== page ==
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reply to post by warpcrafter
 


Right. Thanks for scaring the crap out of us! Good job!

Like the elitist tyrants who seek to become immortal are really trying to deliberately ensure absolute total destruction of the environment.



posted on May, 16 2010 @ 04:37 PM
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I think Oil and Gas drilling definatley has some effect on Seismic activity. Interesting article about when these effect were first noticed in the 1930's -


Induced seismicity in oil and gas production has been observed ever since the 1930s, i.e., ever since large scale extraction of fluids occurred. The most famous early instance was in Wilmington, California, where the oil production triggered a series of damaging earthquakes


and I feel this is a very important quote below from the site -


In this instance the cause of the seismicity was traced to subsidence due to rapid extraction of oil without replacement of fluids. Once this was realized the oil extraction was balanced with water injection to mitigate the seismicity


Interesting stuff. So we have to wonder in this case, "Whats being put back in to this well to replace the oil thats coming out? . At the moment, nothing. This does not sound good at all.

esd.lbl.gov...&gas/

Water Injection Method


Used in onshore and offshore developments, water injection involves drilling injection wells into a reservoir and introducing water into that reservoir to encourage oil production. While the injected water helps to increase depleted pressure within the reservoir, it also helps to move the oil in place


Onshore example (similar process for offshore drilling)



Details of Water Injection Methods

So there you have it. It's well documented about the effects of Pressure through removal of oil, and not replacing the pressure in the well.

I wonder what the effects could be of this?

G.



posted on May, 16 2010 @ 07:29 PM
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Well, it looks like pretty much all of this oil related doomongering has been debunked:
www.abovetopsecret.com...



posted on May, 16 2010 @ 09:22 PM
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reply to post by IgnoranceIsntBlisss
 



Originally posted by IgnoranceIsntBlisss
Do you really believe that since there are some 4,000 oil wells in the Gulf that the entire thing is going to cave in and erupt oil like Mt. St. Helens?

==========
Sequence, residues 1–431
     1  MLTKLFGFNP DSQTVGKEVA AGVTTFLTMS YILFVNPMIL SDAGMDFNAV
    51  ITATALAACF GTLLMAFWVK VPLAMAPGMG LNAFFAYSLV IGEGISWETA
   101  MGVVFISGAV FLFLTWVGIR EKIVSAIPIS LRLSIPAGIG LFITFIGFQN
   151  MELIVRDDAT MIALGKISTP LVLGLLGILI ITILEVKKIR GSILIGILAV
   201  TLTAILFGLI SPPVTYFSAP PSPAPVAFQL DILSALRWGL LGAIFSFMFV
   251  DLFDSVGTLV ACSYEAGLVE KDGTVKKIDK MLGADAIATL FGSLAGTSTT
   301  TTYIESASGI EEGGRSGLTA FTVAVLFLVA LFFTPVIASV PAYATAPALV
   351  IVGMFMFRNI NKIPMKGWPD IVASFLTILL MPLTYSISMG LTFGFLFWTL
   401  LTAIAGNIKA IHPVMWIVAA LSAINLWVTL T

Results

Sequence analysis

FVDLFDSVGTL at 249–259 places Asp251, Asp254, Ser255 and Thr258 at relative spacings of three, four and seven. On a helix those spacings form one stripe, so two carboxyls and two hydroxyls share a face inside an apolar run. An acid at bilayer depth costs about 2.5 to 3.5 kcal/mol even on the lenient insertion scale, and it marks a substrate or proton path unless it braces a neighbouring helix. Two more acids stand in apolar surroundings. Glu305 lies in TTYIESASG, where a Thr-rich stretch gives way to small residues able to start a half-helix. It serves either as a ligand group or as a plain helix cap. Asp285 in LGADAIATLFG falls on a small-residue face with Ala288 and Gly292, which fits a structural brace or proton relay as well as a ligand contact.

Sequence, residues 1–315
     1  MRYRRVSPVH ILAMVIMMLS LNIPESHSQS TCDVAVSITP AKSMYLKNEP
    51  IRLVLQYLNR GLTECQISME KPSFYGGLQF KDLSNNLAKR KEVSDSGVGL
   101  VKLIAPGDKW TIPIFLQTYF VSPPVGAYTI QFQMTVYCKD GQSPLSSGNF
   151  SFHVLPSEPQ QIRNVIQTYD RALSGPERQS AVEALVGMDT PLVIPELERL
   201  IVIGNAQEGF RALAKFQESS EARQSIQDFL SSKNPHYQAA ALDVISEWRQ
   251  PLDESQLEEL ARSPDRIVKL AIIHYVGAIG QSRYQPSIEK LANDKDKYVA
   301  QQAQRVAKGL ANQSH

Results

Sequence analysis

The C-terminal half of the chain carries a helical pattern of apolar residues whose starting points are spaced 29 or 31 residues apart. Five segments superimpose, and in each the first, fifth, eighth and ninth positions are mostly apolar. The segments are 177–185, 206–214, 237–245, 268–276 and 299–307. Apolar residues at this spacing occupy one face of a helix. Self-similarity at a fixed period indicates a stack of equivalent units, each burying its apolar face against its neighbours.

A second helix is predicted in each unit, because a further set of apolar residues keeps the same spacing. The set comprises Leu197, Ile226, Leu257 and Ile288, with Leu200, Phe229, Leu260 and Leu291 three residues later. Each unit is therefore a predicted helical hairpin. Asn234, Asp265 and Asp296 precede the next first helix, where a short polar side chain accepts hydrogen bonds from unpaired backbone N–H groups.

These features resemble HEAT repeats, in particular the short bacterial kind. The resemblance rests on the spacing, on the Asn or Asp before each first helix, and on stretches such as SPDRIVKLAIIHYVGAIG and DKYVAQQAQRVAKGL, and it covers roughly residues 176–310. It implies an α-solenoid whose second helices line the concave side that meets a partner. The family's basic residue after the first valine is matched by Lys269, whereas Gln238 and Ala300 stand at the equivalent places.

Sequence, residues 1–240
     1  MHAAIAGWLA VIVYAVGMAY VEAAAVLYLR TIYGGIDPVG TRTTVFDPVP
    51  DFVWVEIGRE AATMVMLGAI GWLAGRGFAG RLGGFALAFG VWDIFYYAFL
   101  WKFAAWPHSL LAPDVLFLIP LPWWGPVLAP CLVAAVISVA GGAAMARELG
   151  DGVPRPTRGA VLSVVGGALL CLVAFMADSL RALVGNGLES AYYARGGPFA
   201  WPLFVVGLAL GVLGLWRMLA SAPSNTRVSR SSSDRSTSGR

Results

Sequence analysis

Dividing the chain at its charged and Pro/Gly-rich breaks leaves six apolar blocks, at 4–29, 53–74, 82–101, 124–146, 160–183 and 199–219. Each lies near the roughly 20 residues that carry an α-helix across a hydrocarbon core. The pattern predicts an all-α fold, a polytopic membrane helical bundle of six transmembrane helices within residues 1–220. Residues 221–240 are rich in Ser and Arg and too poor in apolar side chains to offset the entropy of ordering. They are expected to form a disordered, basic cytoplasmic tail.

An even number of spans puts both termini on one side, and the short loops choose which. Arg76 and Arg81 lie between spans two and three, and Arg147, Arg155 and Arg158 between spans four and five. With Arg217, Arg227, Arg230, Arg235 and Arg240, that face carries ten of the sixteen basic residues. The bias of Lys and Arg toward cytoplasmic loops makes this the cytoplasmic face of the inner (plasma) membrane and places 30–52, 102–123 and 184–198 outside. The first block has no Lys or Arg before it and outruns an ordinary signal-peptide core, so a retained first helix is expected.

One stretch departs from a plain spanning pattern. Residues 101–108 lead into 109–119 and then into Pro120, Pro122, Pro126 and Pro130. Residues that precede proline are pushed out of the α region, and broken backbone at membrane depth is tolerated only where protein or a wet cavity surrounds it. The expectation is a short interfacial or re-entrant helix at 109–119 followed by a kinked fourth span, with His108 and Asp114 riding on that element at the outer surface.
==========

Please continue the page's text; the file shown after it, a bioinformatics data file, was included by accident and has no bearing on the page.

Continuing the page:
Who is this question for?

I never said this and I can't see where anyone else has in this thread has either.




[edit on 16-5-2010 by loam]



posted on May, 16 2010 @ 09:23 PM
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reply to post by IgnoranceIsntBlisss
 



Originally posted by IgnoranceIsntBlisss
Well, it looks like pretty much all of this oil related doomongering has been debunked:
www.abovetopsecret.com...


You're debunking an argument not presented in this thread.


[edit on 16-5-2010 by loam]



posted on May, 16 2010 @ 09:34 PM
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reply to post by IgnoranceIsntBlisss
 



Originally posted by IgnoranceIsntBlisss
Therefore, this image is deceptive:


I think you misunderstood the point of the image.

It was to point out the number of wells where presumably similar blow-out risks as Deepwater exist...or the quantity of which could contribute to seismic activity with significant impact.

It's odd how you're off 'debunking' a level of hysteria not found in this thread.

Actually, it's bizarre.


[edit on 16-5-2010 by loam]



posted on May, 16 2010 @ 10:25 PM
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reply to post by loam
 


Following your link:

Quakes trigger Quakes Quakes trigger quakes


Following your logic:
'All of the oil wells, and rapid drain situations such as the current blowout will trigger earthquakes, which rupture more oil wells, which triggers more quakes, which triggers more ruptures, which causes massive cave-ins in the empty undersea oil chambers, which...'

And don't act like your source didn't use that map to amplify the emotional response.


[edit on 16-5-2010 by IgnoranceIsntBlisss]